PLP leader Philip Davis. (File photo)
By SYANN THOMPSON
Tribune Staff Reporter
OPPOSITION leader Philip “Brave” Davis called the national security minister’s comments on Commissioner of Police Anthony Ferguson’s future “inappropriate”.
During the RBPF’s annual church service on Sunday, Security Minister Marvin Dames said Commissioner Ferguson as well as his executive team should “know by name” the next generation of leaders, adding his focus should be on preparing the “next crop of leaders” ahead of his inevitable departure.
Mr Dames told reporters that when that time comes, the police chief, who has served as commissioner for more than two years, should ideally be “ready and excited to move on,” because he, like many others in the RBPF are “all just passing through”.
Yesterday Mr Davis said the minister was out of line saying those comments publicly.
“He is not fit to have the post of minister of national security. I’ve called for him to be fired over a year now and again his inappropriate comments in dealing with a person of that level just demonstrates his unfitness,” said Mr Davis, pictured right.
Mr Davis also hit out at recent comments from Deputy Prime Minister Peter Turnquest, who recently accused previous administrations of “taking advantage of the Bahamian people” by entering into contracts “nobody in a commercial sense” would agree to.
Declining to speak to particular examples, Mr Turnquest told this newspaper earlier this week: “It’s unfortunate that we have not used more discretion, more responsibility, in terms of entering into contracts where there’s absolutely no need for them, in some instances, and the commercial terms – or terms – are not ones you would usually see in a commercial lease.
“It’s not just about the government. It’s about taking advantage of the Bahamian people and backing them into a circumstance that’s clearly not in the best interest of the Bahamian people long-term.”
In response, Mr Davis said: “It was he who dismantled the Revenue Enhancement Unit and cancelled agreements with contractors to collect outstanding tax revenue in the hundreds of millions of dollars. That was a bad policy decision. The decline in revenue resulted in a 60 percent hike in VAT which took advantage of the Bahamian people.”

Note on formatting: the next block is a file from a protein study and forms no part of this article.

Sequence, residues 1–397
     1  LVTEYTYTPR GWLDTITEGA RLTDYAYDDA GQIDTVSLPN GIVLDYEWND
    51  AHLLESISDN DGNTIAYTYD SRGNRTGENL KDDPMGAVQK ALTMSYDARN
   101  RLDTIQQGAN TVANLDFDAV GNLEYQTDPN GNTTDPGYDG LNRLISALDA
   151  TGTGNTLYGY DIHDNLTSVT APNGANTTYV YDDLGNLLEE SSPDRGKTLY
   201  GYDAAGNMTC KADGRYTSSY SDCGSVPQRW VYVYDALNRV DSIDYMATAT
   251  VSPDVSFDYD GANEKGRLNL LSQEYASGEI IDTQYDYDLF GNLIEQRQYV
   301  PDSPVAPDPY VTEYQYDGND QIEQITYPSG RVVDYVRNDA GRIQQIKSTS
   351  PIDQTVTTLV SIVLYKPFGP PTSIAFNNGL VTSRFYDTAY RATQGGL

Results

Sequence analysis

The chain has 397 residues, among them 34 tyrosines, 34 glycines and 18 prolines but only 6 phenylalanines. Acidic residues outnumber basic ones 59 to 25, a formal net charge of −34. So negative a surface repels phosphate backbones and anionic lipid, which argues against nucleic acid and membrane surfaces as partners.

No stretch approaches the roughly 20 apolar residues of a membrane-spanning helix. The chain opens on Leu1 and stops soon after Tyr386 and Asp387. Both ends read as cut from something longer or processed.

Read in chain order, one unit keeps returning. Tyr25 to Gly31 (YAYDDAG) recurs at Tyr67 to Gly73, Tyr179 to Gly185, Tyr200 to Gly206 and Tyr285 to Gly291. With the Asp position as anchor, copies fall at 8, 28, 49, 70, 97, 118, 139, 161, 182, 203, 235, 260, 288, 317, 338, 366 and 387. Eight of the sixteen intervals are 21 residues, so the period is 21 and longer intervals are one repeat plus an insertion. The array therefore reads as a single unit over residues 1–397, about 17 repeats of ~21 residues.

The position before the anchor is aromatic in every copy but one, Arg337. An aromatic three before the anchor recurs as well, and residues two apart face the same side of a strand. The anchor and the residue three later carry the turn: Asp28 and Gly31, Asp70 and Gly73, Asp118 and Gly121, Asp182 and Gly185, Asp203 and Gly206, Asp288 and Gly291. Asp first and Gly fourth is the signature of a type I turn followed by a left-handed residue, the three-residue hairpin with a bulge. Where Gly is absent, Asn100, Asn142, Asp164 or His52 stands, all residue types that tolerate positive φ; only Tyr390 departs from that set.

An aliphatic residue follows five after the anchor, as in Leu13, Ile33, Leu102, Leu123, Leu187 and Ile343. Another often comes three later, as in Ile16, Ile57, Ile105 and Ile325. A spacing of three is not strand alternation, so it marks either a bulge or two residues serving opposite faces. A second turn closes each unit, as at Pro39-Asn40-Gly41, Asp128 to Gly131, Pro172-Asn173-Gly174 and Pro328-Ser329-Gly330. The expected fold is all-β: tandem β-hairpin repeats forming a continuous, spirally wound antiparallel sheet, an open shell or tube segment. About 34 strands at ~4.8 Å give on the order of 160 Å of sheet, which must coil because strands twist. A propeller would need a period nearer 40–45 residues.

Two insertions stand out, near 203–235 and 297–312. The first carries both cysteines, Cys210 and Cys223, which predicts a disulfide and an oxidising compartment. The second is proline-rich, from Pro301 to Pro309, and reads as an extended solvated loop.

The Cat Island MP outlined what he called bad decisions by the current administration, including the purchase of the Grand Lucayan hotel and cancelling the contract for the post office at the former Independence Shopping Centre.
“The $65 million capital outlay to flip the Grand Lucayan hotel in six months was another bad deal,” Mr Davis said. “The flip has not occurred. The hotel was valued at less than $65 million before it sustained hurricane damage and the government said that scores of potential buyers were lined up to purchase the property. Where are the potential buyers today or again…was this another lie? The price tag to the Bahamian taxpayers to date is well in excess of $100 million with no economic benefit to Grand Bahama.”
He added, “Cancelling the initial contract for the post office at the former Independence Shopping Centre will cost the Bahamian taxpayers conservatively $20 million. Tampering with the lease at the Summer Winds Plaza could cause the Bahamian people as much as $66 million ….Other contracts tampered with will cost the government in excess of another $100 million dollars.”
Public Works Minister Desmond Bannister told The Tribune recently that $40 million is needed to get through the year as infrastructure has been left in a deplorable state. In responding, Mr Davis said it was an admission by the minister that “the government was starving infrastructure and refusing to put money on the ground, pay contractors and civil servants.” In doing this, Mr Davis claimed the government is attempting to achieve a deficit target at the expense of national development.